The story is full of magic and the illustrations by Jim Field really add to this. However, I did find the book lacked Rowling’s usual spark for me. Ickabog was an incredible read for me and I just found The Christmas Pig lacked in comparison. Overall, I give this book 3 out of 5 Dragons.

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Purchase Links

Book Depository | Foyles | Waterstones | Wordery

(All purchases made using one of the above affiliate links gives a small percentage of money to myself with no extra cost to yourself. All proceeds go towards the upkeep of this blog. Thank you ever so much, your support is gratefully received.)

About the author

Joanne Rowling born 31 July 1965, is a British writer and philanthropist. She is best known for writing the Harry Potter series. Rowling also writes crime fiction under the pen name Robert Galbraith.

If you enjoy reading my blog and would like to make a donation I would be very grateful. Thank you

The King’s Seal by Amy Kuivalainen (Review)

The King’s Seal by Amy Kuivalainen

Blurb

The search for the legendary ring of King Solomon has begun, and Penelope must sift through its long and convoluted history of lost emperors, crusaders, and other famous historical figures—including one with whom the magicians share their own complicated past— if she hopes to find it in time.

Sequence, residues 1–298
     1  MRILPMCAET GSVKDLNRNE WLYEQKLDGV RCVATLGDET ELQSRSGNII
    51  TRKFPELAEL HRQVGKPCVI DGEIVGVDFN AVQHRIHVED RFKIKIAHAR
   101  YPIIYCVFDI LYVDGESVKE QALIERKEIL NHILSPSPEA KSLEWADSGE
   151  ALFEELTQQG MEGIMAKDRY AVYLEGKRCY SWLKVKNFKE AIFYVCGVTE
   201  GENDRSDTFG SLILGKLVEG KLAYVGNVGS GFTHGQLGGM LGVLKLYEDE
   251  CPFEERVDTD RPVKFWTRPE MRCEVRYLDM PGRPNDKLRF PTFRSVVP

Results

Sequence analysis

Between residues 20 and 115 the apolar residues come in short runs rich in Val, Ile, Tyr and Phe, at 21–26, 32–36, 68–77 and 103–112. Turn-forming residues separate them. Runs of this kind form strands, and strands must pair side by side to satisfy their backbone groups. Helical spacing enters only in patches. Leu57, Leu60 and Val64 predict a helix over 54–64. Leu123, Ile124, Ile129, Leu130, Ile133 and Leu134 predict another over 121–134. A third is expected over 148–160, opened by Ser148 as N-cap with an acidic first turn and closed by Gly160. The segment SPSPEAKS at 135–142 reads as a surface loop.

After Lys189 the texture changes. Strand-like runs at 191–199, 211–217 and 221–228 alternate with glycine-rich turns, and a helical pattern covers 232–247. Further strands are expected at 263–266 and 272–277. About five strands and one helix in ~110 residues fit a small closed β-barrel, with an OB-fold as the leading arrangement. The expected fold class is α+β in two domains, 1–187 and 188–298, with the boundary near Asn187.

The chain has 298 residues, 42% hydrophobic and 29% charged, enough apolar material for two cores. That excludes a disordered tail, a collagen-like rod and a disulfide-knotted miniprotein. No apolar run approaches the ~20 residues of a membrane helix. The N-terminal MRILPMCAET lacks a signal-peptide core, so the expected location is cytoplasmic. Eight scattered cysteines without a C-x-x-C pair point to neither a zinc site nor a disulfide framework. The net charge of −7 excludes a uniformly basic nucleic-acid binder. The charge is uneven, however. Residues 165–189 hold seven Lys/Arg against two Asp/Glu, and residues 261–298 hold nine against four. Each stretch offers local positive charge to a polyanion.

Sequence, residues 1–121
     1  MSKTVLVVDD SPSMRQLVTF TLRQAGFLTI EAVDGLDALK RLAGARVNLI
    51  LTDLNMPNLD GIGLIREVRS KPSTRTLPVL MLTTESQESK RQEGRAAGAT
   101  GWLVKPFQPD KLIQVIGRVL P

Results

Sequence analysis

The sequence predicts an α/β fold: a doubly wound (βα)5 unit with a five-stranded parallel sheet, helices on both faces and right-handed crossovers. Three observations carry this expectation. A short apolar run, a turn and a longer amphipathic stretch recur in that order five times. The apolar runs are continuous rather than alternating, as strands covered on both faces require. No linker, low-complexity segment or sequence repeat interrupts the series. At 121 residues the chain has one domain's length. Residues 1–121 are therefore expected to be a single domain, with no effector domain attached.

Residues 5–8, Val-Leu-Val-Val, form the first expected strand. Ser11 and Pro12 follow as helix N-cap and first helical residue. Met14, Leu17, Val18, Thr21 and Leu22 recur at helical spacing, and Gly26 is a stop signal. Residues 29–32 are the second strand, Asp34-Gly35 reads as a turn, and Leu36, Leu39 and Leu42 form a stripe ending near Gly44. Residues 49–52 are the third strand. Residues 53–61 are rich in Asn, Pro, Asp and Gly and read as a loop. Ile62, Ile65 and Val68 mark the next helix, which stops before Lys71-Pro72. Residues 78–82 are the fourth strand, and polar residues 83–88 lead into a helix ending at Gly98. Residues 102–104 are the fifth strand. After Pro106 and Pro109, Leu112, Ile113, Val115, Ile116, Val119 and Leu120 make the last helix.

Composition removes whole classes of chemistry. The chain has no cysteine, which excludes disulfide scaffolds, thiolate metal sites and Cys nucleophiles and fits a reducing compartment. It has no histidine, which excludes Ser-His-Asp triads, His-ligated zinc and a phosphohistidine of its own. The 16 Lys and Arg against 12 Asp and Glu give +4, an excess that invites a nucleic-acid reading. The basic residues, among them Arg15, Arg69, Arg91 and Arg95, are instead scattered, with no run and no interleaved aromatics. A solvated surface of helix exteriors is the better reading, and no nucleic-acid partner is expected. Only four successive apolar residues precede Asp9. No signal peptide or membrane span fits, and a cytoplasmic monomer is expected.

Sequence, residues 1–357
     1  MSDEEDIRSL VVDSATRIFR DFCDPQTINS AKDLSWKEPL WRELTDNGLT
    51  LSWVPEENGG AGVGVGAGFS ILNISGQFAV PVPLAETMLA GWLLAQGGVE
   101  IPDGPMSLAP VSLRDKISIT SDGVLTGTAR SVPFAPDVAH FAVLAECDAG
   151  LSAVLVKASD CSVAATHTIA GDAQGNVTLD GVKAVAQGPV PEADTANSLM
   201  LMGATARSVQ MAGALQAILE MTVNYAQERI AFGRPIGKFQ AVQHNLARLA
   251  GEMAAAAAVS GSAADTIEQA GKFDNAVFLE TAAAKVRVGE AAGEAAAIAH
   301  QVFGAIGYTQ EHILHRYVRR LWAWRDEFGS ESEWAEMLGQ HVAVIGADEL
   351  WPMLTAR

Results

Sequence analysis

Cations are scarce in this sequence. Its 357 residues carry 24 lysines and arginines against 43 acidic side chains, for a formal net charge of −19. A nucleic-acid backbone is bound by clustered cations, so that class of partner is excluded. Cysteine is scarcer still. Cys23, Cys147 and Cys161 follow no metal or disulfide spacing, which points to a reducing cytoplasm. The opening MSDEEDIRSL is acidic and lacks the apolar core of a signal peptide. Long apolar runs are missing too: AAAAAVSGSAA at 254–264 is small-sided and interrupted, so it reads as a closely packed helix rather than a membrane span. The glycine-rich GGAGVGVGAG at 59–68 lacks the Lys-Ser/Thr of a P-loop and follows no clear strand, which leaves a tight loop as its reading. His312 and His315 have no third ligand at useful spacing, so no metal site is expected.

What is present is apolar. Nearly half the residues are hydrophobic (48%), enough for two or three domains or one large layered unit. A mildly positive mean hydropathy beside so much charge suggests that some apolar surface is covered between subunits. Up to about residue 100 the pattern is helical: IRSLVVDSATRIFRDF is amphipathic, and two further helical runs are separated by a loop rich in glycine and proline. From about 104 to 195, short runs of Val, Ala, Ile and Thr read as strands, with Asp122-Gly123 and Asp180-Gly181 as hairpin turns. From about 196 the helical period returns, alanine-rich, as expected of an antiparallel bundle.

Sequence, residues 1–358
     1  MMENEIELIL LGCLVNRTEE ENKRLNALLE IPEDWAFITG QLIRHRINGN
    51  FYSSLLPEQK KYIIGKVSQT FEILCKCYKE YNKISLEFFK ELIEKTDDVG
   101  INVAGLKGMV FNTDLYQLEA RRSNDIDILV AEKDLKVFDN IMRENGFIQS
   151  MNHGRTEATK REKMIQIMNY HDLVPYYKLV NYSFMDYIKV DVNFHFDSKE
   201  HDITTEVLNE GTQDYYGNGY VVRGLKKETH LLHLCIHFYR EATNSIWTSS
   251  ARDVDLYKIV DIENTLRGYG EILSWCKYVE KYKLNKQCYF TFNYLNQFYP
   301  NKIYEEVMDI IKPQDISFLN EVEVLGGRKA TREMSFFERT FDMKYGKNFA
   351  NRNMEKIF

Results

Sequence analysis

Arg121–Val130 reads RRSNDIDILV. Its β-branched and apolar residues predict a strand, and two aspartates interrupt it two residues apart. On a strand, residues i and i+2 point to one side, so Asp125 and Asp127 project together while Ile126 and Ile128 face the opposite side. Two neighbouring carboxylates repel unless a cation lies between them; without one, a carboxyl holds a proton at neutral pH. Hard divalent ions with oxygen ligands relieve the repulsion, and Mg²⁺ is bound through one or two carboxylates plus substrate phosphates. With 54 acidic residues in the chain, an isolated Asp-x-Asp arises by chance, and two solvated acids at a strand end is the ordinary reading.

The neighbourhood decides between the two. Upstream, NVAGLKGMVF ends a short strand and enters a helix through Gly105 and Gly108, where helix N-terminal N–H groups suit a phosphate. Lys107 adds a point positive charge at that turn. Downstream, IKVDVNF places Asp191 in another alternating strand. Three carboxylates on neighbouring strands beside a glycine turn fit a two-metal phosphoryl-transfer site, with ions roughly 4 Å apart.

As Penelope’s magic continues to grow stronger with the coming high tide, she and Alexis will have to depend upon each other more than ever to keep everyone they care about safe from the continuing attacks by Thevetat’s priests.

When the magical high tide finally peaks, the long-awaited battle against Thevetat will begin, and Penelope, Alexis, and the magicians will have to rely on both powers of old and new if they hope to defeat their enemy once and for all.

Review

My first thought when I got this book was sadness because I did not want this to be the last book of the series. Thankfully, this book was just as good as the previous two books and I could not put it down. 

I will be honest I felt rushed with this book but that might be because I wanted a longer book. I just felt like all the answers the magicians needed suddenly arrived in quick succession. However, this might be because the magicians had the added help of Elazar and Constantine. 

Penelope and the magicians are on the trail of King Solomon’s ring and with their investigations they get some help from Constantine. Constantine is a brilliant character and really made me laugh but he is also a very thoughtful and deep thinking character. Constantine is a big help to the magicians and not because he is a good shoulder to cry on for Zo. 

Obviously the main characters are Penelope and Alexis but the secondary characters are just as strong. Zo is my favourite magician and I must admit I would have liked to see more of him in this book but at least he had a bigger part than Galenos who was barely in it. All the magicians have such fascinating pasts and are brilliant characters. I would love to have more stories about them.